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Ugandan Rebel Leader Dominic Ongwen Appears At The Hague

Top Ugandan rebel commander Dominic Ongwen has appeared in the dock at the International Criminal Court (ICC) in The Hague to face war crimes charges.

Mr Ongwen, a feared commander of the Lord’s Resistance Army (LRA), is the first member of the LRA to appear before the court.

During the pre-trial hearing he was asked to confirm his identity.

He faces charges of crimes against humanity and war crimes, including murder and enslavement.

The LRA is accused of seizing children to use as fighters and sex slaves.

The prosecution is not expected to formally put its case for some time.

Mr Ongwen wore a blue suit, white shirt and chequered tie in court. He identified himself as born in Gulu in northern Uganda in 1975.

“I was abducted in 1988 and I was taken to the bush when I was 14 years old,” he said in Acholi, the language widely spoken in northern Uganda. “Prior to my arrival at court I was a soldier in the LRA.”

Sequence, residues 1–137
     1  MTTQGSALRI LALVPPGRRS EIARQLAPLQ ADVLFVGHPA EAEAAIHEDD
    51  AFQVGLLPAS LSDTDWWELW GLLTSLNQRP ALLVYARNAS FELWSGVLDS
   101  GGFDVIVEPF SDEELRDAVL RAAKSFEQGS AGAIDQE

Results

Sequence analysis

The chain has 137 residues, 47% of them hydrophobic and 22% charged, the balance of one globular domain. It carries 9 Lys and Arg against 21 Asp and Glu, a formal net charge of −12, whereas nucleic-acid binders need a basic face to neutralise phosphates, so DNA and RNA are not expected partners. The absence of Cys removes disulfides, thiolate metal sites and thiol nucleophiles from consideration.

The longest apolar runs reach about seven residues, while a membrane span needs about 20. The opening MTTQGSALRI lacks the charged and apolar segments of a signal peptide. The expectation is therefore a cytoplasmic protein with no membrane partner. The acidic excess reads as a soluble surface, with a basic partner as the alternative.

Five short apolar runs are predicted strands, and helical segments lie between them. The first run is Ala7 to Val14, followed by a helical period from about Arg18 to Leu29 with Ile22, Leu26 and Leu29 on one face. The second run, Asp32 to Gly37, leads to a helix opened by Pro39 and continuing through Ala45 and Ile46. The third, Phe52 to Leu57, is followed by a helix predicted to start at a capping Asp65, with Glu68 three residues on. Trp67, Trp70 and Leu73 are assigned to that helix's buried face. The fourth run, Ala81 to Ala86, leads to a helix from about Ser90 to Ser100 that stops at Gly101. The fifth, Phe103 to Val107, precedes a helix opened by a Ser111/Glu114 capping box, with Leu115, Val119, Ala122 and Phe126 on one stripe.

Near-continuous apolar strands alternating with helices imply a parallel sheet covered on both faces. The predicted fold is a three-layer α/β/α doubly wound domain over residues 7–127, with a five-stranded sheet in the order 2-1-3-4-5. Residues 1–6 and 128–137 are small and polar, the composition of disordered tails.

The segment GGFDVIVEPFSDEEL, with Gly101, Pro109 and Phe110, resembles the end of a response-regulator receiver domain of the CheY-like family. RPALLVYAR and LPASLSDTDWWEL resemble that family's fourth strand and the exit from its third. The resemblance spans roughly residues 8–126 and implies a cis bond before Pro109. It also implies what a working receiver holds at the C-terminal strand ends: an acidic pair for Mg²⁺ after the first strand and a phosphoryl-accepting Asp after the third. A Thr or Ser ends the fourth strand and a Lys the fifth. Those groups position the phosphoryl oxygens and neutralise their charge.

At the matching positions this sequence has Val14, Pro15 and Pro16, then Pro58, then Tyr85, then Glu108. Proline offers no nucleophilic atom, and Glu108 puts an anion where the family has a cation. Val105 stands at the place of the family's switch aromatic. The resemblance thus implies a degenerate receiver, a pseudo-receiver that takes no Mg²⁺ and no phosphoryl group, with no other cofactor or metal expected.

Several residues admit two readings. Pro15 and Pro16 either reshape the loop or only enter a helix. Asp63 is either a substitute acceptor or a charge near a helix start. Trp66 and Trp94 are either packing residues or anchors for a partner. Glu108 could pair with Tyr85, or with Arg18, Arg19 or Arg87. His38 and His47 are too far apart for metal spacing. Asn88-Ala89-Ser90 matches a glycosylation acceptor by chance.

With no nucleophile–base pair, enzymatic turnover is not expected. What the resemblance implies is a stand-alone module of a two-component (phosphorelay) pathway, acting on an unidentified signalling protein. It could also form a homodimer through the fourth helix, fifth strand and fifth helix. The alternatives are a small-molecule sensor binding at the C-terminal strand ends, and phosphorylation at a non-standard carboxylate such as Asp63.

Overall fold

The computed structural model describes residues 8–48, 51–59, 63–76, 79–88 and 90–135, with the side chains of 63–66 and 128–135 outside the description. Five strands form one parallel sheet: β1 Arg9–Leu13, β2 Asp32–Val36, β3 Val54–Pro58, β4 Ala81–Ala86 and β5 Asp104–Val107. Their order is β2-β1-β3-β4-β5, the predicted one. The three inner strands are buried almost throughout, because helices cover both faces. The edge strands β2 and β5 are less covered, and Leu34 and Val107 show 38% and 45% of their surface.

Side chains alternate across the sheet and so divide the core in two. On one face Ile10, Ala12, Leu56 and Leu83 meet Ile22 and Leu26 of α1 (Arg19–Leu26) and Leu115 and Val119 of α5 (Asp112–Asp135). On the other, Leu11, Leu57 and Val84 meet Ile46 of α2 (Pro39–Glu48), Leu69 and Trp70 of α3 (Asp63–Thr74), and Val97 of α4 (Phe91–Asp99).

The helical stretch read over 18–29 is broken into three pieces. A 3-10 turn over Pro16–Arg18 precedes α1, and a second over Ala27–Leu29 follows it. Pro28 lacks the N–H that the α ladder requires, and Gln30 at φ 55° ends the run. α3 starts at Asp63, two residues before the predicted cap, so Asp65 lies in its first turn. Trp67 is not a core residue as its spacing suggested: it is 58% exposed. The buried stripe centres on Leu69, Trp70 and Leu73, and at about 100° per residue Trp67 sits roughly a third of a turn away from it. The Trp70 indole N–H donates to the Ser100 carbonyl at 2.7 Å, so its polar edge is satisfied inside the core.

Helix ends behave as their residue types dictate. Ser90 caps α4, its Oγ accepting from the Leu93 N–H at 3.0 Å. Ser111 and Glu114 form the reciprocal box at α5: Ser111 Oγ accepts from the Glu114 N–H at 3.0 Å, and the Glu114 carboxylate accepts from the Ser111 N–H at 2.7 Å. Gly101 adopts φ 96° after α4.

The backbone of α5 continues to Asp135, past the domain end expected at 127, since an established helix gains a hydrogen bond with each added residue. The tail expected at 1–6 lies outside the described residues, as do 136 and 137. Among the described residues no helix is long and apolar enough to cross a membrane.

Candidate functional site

Mr Ongwen was arrested after giving himself up in the Central African Republic last month. Last week he was delivered to the ICC.

His transfer “brings us one step closer to ending the LRA’s reign of terror”, ICC chief prosecutor Fatou Bensouda said in a statement last week.

Uganda agreed to an ICC trial for Mr Ongwen despite being a fierce critic of The Hague-based court.

US and African forces had been searching for the defendant since 2011.

He is said to be the deputy to LRA commander Joseph Kony, who is still on the run.

Who Is Dominic Ongwen?

Said to have been abducted by LRA, aged 10, as he walked to school in northern Uganda

Rose to become a top commander

Accused of crimes against humanity, including enslavement

ICC issued arrest warrant in 2005

Rumoured to have been killed in the same year

US offered $5m (£3.3m) reward for information leading to his arrest in 2013

The UN Security Council and UN Secretary-General Ban Ki-moon both welcomed Mr Ongwen’s transfer to the ICC.

His extradition came nearly 10 years after he and four other LRA top commanders were charged.

Two have since died, leaving Mr Kony and Okot Odhiambo still at large.

Mr Ongwen is accused of committing atrocities against civilians in Uganda and in parts of Central African Republic, South Sudan and DR Congo.

The LRA rebellion began more than two decades ago in northern Uganda and its estimated 200-500 fighters – many of them child soldiers – have since terrorised large swathes of central Africa.